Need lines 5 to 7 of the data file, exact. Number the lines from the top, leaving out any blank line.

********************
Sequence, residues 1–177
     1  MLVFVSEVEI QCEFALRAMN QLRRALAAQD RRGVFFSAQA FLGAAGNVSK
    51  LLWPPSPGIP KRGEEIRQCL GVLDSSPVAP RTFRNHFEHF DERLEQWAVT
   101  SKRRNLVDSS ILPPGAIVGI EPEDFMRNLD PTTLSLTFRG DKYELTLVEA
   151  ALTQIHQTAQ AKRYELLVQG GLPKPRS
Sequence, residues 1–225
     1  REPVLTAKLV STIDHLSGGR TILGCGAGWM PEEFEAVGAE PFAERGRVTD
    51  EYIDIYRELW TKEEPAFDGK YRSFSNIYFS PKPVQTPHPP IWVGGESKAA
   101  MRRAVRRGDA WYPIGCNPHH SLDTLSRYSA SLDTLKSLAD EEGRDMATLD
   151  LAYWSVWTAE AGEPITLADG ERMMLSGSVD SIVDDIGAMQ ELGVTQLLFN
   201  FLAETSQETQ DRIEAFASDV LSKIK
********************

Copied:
   151  ALTQIHQTAQ AKRYELLVQG GLPKPRS
Sequence, residues 1–225
     1  REPVLTAKLV STIDHLSGGR TILGCGAGWM PEEFEAVGAE PFAERGRVTD